Re: video streaming and copyright

Dan Donnelly (d-donn@maroon.tc.umn.edu)
Thu, 30 Nov 2000 10:00:40 -0800 (PST)

I think fair use is part of this. When something we do infringes copyright it does just that, i.e. infringes on the copyright. So, a distinction to make when analyzing for fair use is whether one is using the work or using the copyright. Using the copyright might involve copying to re-market or re-distribute for some commercial purpose. Using the work might be something different and may be what one does when one copies for study or teaching purposes in the classroom. Indeed, those purposes are statutory purposes mentioned in Sec. 107, which seems to be telling us about exceptions to the exclusive rights held by copyright owners.

I'm not an attorney, but if I were I might find myself willing --for the only time in my life--, to call myself a fundamentalist. I can't see any language in 107 that forbids some copying for some of the educational purposes my library collection supports.

As for sensibility, indeed, there is nothing to recommend wholesale digital capture of entire videorecordings along the lines of the treatment of sound recordings in the Variations Project at Indiana. I only mention the project as an extreme, a very aggressive fair use assertion to contrast with the supposition that it might be legal to digitize an off air dub. However, I do think that the teaching community brings pressure to managers like myself to support virtual classroom activity, - course Web sites, electronic reserves in the library, etc- with visual content. As a rule the demand is for short clips rather than entire programs. I'd like to find a way to help. The digital networked video library might be a database of digital objects comprised of short video clips. Even that could involve huge amounts of data, eventually terabytes not gb.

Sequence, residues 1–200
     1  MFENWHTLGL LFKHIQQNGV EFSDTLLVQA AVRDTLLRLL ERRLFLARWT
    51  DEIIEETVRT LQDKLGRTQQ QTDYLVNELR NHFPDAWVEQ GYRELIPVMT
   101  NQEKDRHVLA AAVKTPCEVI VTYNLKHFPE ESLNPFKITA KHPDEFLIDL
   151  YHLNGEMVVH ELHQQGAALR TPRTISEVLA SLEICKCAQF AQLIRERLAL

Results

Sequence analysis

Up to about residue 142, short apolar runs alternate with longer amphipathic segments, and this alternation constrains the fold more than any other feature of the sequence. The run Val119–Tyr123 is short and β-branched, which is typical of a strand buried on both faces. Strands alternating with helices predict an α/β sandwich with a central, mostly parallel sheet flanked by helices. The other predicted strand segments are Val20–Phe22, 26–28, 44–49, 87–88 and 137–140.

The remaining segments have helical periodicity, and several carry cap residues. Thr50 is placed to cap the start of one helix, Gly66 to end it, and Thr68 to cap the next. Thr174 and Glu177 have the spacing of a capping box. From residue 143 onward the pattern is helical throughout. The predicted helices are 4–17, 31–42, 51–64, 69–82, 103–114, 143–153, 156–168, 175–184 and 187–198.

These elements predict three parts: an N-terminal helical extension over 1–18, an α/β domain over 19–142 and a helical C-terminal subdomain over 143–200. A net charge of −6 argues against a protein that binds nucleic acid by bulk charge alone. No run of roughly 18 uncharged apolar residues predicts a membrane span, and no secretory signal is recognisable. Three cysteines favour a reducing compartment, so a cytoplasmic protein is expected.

Supporting new technology teaching activity has become a matter of survival on my campus, and in my library. (Does anyone else on the list feel these pressures?) If I can't attach the D word to the activity it won't get funded. That puts continuing support for my media service in competition with every digital initiative in the library. If I need staff, I can't get staff unless staff are attached to something digital, and even then it's pretty tough. Being a media service manager in an academic library has not been a piece of cake. If I need equipment I can't get equipment unless it's a computer. I won't say these are reasons to infringe copyright but I will seek opportunities to bring recorded materials content to new media teaching technology if that's what it takes to keep video collections alive.

Dan Donnelly, Library Manager
Learning Resources Center
University of Minnesota Libraries

At 02:04 PM 11/29/2000 -0800, you wrote:
>OK...Here it is again:
>
>There are two central issues (at least) involved in creating a digital,
>networked video library: